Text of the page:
Autism spectrum disorder comprises diverse conditions related to brain development. June 18 marks Autistic Pride Day. This day is dedicated to recognising and celebrating autistic people and commemorating the role autistic pride has played in bringing about positive change for people on the autism spectrum all over the world. First put forward in 2005 by autism rights group, Aspies For Freedom, the celebration is intended to focus on the achievements of the autistic community – emphasising that it is an event for autistic people, created by autistic people. Furthermore, the movement aims to educate the public that autism is not always a disability, and never a disease which requires a cure. Rather it is a diverse range of conditions, which differs starkly from person to person and evolves over time, incorporating both advantages and disadvantages.
The puzzle piece has been emblematic of the autism spectrum since 1963, when Gerald Gasson, of the National Autistic Society in London, designed a logo featuring the silhouette of a crying child foregrounding a green and black puzzle piece. This logo was intended to symbolise both the complexity of the autism spectrum as well as the commonly held view of autism as a “puzzling” condition. This initial design also represented the struggle faced by autistic people and their families in handling a condition that was seemingly filled with riddles. At the time very little research existed. In 1999, this puzzle motif was incorporated into an awareness ribbon. The brightly coloured puzzle pieces displayed in the current logo emphasise the diverse faces of autism as well as the hope that early detection and intervention in the form of holistic support and appropriate services will equip individuals on the spectrum to lead full and happy lives.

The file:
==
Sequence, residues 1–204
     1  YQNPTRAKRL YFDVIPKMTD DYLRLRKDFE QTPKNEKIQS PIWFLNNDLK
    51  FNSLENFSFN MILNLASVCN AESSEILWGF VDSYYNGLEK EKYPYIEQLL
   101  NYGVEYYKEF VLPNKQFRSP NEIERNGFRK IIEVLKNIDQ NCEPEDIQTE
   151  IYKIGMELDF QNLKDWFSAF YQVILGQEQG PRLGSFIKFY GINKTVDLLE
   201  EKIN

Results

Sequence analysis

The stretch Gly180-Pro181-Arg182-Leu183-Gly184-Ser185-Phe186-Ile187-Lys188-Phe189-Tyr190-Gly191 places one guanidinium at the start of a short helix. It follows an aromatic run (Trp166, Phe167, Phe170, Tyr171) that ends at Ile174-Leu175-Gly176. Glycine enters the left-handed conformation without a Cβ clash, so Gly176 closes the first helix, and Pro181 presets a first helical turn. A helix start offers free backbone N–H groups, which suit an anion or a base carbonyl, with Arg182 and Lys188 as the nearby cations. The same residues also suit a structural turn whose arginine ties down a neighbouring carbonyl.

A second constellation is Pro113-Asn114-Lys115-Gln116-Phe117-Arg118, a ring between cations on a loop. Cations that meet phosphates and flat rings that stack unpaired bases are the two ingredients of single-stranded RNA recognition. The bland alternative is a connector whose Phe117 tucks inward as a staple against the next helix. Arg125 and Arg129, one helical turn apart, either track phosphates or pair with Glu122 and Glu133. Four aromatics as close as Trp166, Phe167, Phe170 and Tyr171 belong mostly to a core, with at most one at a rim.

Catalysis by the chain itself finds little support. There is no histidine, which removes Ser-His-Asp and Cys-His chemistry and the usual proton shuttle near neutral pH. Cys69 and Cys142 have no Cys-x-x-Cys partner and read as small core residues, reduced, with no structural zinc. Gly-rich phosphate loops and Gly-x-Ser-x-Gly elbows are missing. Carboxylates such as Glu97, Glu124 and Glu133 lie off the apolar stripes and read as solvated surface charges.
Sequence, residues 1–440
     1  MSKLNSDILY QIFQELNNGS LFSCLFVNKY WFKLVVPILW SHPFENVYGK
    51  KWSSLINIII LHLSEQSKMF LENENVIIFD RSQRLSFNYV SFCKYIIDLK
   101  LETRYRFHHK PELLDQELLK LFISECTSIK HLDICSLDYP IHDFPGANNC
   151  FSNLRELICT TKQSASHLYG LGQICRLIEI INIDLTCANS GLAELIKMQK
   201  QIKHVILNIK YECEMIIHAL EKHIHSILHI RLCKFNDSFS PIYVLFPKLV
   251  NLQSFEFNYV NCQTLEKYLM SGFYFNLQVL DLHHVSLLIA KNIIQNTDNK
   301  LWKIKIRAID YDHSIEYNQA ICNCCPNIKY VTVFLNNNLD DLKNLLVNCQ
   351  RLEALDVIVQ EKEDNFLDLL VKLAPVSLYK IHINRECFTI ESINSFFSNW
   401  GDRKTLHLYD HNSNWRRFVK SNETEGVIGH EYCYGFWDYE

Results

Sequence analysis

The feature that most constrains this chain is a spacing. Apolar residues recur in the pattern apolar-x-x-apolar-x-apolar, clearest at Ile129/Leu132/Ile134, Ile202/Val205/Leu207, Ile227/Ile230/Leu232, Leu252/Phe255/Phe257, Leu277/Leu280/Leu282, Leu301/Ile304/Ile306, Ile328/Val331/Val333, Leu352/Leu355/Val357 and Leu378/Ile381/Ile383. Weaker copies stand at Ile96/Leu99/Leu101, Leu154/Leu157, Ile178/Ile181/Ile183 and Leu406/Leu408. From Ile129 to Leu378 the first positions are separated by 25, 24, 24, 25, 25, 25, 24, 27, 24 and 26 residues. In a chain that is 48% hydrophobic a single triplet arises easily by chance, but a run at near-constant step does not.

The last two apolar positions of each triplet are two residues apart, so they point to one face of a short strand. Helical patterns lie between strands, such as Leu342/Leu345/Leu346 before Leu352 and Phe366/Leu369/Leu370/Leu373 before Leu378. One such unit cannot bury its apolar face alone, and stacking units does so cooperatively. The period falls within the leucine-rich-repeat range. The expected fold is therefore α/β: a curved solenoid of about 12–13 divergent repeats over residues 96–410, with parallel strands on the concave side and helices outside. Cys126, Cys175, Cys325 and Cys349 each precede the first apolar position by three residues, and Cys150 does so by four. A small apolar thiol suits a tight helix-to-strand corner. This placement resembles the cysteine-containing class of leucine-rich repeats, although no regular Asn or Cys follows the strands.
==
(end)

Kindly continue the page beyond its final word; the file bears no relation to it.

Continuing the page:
It can be heart-breaking to watch your child struggle against barriers they cannot control, but with hard work and patience, great progress can be made. Despite all the hard work, there will be times when progress is slow, and frustrations build up. It is incredibly difficult when you feel as if you are not being seen or heard regardless of how hard you try. Schools such as Vergezicht Private School are specially catered to providing children with the remedial assistance necessary to reach their full potential. These schools are a great boon to society and impart essential aid to many students who may have floundered in the public school system. That said, it cannot be left solely to remedial schools to be empathetic and supportive of children and adults who suffer from communication impairments.
Empathy and compassion are universal currencies often only directed at causes that can easily be represented visually. Autism Pride Day reminds us of the champions involved in a silent struggle, the progress made, and the work that remains for everyone.